Disentangling the puzzle of ADHD

Attention Deficit Hyperactivity Disorder (ADHD) is a neurodevelopmental disorder characterized by problems in paying attention[1] (the incapacity of attending with a necessary degree of constancy to any object), hyperkinetic activity (remarkable motor activity which appears urgent) and a lack of controlled behavior (unstable mood, fits of rage, tendency to aggressively or excitability) that interferes with functioning or normal development [1,2].

This disorder was formally conceptualized as a pathological disorder at the US in 2000 (on the DSM-IV-TR[2]). Within the European clinical practice, ADHD was first diagnosed with precise metrics and clinical scales in 1993 as defined within the ICD-10 classification list. Before that, ADHD symptoms were diagnosed as hyperkinetic disorders or attention deficit disorder (ADD) although its treatment through medication and the consideration of ADHD as a psychiatric disorder only became significant in the 1970s [6].

‘When any object of external sense, or of thought, occupies the mind in such a degree that a person does not receive a clear perception from any other one, he is said to attend to it’

Alexander Crichton, 1798

Current clinical diagnostic criteria involve a qualitative evaluation of impaired attention levels, hyperactivity and lack of controlled behavior (involving deshinibition, recklessness or impulsivity) based on the criteria described in DSM/ICD medical classifications list. As the two guidelines are slightly different, the prevalence of the disease will vary according to which criterion is applied. In particular, DSM-IV criteria diagnoses 5-7% of children [4], while ICD-10 shows a 1-2% diagnose rate in children [5].

Additionally, as both hyperactivity and inattention also arise as a symptom of anxiety or depressive disorders in children [9], both clinical diagnose guides require that ADHD is only diagnosed when the symptoms are not better explained by any other disorder. As to increase specificity of the diagnose and phenotype that ADHD describes, three subtypes of ADHD are described in both clinical manual for diagnosis (DSM and ICT):

  • ADHD-I: predominantly inattentive type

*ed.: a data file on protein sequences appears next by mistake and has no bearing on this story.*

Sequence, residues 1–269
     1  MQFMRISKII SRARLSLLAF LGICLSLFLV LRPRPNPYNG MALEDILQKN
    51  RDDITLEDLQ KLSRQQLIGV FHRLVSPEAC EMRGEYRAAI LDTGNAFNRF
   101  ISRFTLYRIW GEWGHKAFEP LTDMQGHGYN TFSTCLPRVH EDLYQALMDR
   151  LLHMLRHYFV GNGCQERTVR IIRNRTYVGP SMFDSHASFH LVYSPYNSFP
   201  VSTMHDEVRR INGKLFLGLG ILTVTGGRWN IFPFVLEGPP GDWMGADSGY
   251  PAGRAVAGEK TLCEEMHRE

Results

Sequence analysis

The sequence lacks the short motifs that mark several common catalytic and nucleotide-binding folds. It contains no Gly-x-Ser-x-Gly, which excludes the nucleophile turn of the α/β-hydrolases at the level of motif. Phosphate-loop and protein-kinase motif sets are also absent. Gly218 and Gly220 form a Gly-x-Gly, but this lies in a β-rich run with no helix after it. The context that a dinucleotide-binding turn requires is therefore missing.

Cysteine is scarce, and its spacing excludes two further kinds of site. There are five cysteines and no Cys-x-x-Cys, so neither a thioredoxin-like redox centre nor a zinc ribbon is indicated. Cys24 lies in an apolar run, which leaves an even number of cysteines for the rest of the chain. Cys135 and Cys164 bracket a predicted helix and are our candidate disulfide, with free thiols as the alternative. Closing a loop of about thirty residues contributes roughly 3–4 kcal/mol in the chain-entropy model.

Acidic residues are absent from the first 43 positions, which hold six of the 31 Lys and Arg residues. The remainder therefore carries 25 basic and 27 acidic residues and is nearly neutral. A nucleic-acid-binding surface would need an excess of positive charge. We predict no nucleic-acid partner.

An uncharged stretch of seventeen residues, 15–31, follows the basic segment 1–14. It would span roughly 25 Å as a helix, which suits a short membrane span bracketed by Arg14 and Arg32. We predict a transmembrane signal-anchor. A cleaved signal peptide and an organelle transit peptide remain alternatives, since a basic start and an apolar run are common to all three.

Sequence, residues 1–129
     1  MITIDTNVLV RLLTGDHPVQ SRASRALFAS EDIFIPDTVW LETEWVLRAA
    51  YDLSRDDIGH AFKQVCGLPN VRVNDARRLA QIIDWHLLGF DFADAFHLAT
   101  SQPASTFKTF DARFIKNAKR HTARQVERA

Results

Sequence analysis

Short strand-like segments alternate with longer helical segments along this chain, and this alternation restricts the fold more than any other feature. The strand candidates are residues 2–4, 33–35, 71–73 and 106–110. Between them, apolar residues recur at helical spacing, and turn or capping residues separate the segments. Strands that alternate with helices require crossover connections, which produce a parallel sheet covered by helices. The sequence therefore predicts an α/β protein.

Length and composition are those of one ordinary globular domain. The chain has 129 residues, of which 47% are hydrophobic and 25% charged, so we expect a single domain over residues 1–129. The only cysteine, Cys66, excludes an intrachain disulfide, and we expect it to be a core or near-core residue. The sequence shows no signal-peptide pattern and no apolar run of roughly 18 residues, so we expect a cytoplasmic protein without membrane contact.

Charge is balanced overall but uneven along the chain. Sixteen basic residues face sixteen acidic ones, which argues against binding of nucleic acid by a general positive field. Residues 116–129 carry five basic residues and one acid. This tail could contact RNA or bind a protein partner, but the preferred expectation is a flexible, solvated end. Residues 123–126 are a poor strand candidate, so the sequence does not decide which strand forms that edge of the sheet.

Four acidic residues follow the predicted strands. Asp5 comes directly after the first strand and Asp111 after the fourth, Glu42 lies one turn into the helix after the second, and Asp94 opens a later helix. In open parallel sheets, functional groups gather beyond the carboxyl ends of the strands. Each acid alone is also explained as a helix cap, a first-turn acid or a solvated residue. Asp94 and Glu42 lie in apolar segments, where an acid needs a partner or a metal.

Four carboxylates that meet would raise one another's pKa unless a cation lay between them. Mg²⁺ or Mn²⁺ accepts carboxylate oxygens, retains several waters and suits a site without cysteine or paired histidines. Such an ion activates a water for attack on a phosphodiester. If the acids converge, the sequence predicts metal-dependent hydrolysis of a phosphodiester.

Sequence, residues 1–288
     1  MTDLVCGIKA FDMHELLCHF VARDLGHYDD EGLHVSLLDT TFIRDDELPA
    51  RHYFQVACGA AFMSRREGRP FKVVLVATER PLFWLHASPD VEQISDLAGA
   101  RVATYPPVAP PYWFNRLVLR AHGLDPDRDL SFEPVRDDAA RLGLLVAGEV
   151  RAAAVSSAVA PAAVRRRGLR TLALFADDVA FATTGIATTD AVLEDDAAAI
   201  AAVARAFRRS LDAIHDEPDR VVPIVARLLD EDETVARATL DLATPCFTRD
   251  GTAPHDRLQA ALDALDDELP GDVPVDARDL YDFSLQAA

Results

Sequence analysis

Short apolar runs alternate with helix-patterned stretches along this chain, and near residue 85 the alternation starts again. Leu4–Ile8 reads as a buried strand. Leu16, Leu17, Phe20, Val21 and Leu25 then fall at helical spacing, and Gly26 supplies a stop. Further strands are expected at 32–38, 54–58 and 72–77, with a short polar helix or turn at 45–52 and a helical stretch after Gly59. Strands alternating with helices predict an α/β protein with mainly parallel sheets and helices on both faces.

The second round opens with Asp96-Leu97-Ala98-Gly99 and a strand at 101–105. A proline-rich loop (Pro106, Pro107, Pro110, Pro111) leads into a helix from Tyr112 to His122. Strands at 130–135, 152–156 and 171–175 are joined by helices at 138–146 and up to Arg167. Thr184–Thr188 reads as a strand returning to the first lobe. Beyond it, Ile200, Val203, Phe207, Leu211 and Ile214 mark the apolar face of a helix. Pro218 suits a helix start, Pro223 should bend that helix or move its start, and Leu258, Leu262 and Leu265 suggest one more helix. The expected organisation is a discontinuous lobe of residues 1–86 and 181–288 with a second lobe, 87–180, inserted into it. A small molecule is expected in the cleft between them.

• ADHD-H: predominantly hyperactive/impulsive subtype
  • ADHD-C: combined type

However, the clinical classification of ADHD still lacks a neurophysiological counterpart, and in fact, different ADHD subtypes have been proposed based on electrophysiological signals (see [11] or [12] for more details).

With this complexity in mind, current qualitative evaluation of ADHD results in a diagnostic accuracy of 61% [13]. Such accuracy has been recently improved by clinical decision support systems (DSS) that involve the analysis of resting-state EEG to the 88% (see [13], the TBR test), although it’s clinical relevance in separating different subtypes remains under discussion.

Despite the complications in diagnosis, ADHD is described as a disorder that impairs the appropriate development and functioning of the patient. For this reason, it’s early and an accurate diagnose of ADHD becomes crucial as to treat and ensure an appropriate development and functioning of the patient.

In terms of treatment, current therapies for ADHD are varied and involve combination of counseling, medication and lifestyle changes [2]. Medications for ADHD are mostly based on stimulants (i.e amphetamine, methylphenidate, etc) that block the dopamine and nor-adrenaline pathways, drugs that in normal children/adults is reported to enhance focal attention and general performance-enhancement [6]. Note however that, to this date, there is no knowledge on which medication improves symptoms with lower side effects and they are currently applied as ‘trial and error’ for each diagnosed children [7]. Additionally, a recent longitudinal study report that stimulant medication; behavior therapy or multimodal treatments in ADHD have limited long-term beneficial effects [8].